Tuesday, February 22, 2011

Solar power options for a HAB II

This is for a balloon flight.
Solar flux is considerably higher at stratospheric altitude and there is much less cloud cover, so solar is a more reliable option.
Matt and the crew have launched solar powered balloon payloads before - but never mechanical stuff...

The idea of the relays would be to switch from the solar arrays to a conventional battery if the solar supply falters (so I guess I need a double-pole relay)

The next trick would be how to power the relay direct from a microcontroller, since the pins on say, a PICaxe give only 10mA. We need a relay that can handle either the 1A or so from the solar array or the massive ampeage from a battery shorting through a SMA (offscale on a 30A multimeter!). But relays often need 100mA or so to switch... So we probably need a transistor to switch on a 100mA current from a PICaxe pin.

Why do we need this?:
At Black Rock we ran our battery ragged well before landing - the last coms I got was just before the balloon burst (when we were near Frog Pond), which was only about 90 mins (about half way?) in. The intense cold probably played a part but we also had a constant power demand of a couple of amps at all times anyway.

The LiFePO4 battery I got lasts longer but Matt said they don't like balloon flight conditions at all.
So any other options would be worth trying.

It looks like the cost driver for solar arrays is voltage - say £70 for a 12V, 5W, which is a measly 400mA or so. For SMAs we only need amps, so a cheap low V, high A array might buy us something.

It's a bit the same with battery charging. For a 6V battery we need a 6V array and a decent ampeage to get a decent charge rate, which means in practice an array too expensive and too big to fly.
Besides, as far as I can tell, the only practical battery for trickle-charging from a solar array is a lead-acid one, which might burst at high altitude (since they are sealed to prevent leaking) and are bulkier. They are no good burst-wise for rocket flights either, for reasons HAB 1 well knows!

So, it might be fun to play with solar to extend the balloon flights, but have a relay to switch back to battery if needed.

In general, good DC sources for use in the field would make a lot of sense, since as it was we were constantly running AC inverters off car batteries to power power supplies to supply DC to power laptops and so on... Whereas a 19.2V battery and/or solar array could have done it directly. We spent a lot of time angsting over generator resources etc similarly. It might also be worth digging up an old low power PDA, say an Atari Portfolio, for the serial coms... Don't really need a laptop at all! Would run for hours on AA batteries...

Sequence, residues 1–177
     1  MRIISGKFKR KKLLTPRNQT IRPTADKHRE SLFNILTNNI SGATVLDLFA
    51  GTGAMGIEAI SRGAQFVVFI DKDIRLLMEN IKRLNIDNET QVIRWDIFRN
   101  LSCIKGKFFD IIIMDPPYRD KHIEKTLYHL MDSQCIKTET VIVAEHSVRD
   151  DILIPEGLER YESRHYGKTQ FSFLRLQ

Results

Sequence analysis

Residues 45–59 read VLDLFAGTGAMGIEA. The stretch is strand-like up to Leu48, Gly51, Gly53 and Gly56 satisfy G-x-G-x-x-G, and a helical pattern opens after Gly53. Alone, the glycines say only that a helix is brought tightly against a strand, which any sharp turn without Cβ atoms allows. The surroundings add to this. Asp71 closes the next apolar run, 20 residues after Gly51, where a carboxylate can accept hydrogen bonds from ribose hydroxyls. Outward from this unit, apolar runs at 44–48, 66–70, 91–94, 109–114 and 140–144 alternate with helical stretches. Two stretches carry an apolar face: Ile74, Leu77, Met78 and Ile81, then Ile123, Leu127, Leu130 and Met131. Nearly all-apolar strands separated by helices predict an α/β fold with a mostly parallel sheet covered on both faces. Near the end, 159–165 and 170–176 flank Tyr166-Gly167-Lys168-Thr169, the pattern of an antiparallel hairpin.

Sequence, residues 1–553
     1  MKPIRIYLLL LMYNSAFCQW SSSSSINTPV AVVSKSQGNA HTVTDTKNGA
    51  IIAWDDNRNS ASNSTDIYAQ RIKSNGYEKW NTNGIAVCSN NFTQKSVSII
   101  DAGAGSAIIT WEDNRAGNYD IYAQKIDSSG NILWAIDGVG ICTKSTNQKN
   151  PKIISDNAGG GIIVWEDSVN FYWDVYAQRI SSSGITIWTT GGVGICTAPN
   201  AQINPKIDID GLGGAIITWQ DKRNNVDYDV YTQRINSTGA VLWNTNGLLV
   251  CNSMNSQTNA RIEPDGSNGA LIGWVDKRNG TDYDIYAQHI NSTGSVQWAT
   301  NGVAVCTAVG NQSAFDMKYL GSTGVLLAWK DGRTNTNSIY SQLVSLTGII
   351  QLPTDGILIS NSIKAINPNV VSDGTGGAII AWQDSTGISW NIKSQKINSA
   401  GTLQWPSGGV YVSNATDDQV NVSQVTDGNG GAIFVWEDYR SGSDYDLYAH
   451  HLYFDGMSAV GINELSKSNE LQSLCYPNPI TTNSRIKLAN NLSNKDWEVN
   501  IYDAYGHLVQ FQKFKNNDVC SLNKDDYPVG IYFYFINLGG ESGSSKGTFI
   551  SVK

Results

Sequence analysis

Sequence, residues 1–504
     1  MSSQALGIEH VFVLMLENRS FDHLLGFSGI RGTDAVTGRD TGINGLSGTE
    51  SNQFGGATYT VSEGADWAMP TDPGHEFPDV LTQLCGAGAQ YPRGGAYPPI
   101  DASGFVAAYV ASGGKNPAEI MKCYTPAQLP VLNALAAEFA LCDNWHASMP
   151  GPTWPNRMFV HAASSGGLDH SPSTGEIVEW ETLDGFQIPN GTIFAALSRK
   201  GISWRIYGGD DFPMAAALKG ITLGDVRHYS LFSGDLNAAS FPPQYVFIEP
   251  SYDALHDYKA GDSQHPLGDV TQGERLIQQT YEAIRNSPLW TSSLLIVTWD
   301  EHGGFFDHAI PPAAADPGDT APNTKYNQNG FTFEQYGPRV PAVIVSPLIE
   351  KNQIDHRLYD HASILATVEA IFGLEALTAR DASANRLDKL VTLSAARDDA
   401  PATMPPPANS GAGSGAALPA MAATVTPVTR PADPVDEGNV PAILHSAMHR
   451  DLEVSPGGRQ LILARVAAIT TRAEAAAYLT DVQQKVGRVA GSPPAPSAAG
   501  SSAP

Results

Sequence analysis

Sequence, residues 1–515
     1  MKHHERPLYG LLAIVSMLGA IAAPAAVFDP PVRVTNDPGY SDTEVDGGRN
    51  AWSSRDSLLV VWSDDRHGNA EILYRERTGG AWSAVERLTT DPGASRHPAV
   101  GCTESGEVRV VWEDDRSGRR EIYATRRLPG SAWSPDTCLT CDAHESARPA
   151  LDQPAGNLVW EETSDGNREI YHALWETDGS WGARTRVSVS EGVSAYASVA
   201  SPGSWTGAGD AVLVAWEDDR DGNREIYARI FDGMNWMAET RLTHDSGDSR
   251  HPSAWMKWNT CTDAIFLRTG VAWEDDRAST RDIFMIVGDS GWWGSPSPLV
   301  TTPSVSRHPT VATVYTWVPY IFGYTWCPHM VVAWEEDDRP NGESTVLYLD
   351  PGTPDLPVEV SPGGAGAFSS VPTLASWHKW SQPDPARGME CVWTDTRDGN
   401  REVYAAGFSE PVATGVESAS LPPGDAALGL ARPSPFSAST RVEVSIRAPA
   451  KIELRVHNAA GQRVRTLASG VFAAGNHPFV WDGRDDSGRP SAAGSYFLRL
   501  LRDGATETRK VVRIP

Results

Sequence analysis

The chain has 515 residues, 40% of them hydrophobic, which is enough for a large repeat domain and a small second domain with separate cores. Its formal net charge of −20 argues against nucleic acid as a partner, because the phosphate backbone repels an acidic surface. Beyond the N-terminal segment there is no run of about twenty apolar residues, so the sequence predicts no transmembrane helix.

------Original Message------
From: Paul
Subject: Re: Ideas for switching low volts, high amps?
Sent: 22 Feb 2011 20:01

I think a mechanical relay would be the only way to do what you ask. Maybe not suitable for rockets (acceleration might trigger it) but ok for balloon.
But you could maybe switch each separately (0.4A) and combine them afterwards, which might get you back into the FET range.
Solar sounds a bit unreliable though, given there's no real problem with a battery? Solar usually gets combined with a battery / large capacitor anyway to take out the peaks & troughs...


On 22 Feb 2011, at 19:22, opeyer@nimr.mrc.ac.uk wrote:

> Can I ask you an electronics question?: What is the best way to switch a low voltage but at highish current? I'm looking at about 0.45V, 1.2A. I've played with the SSRs before (basically big MOSFETs) but they need at least 3V for the circuit being switched. Same for Darlingtons. Should I use a mechanical relay or is there something else?
> This is for a H.A.B advance project - I found some cheap 0.45V, 0.4A solar cells so, intriguingly, three of these in parallel might be enough to trigger a SMA in good light. SMAs only need current, not volts.
> Quite big, expensive solar arrays - enough to charge a battery for instance - seem to be high volt (say 12v), but not necessarily high current. So by contrast we might be able to do a solar-powered HAB quite cheaply?


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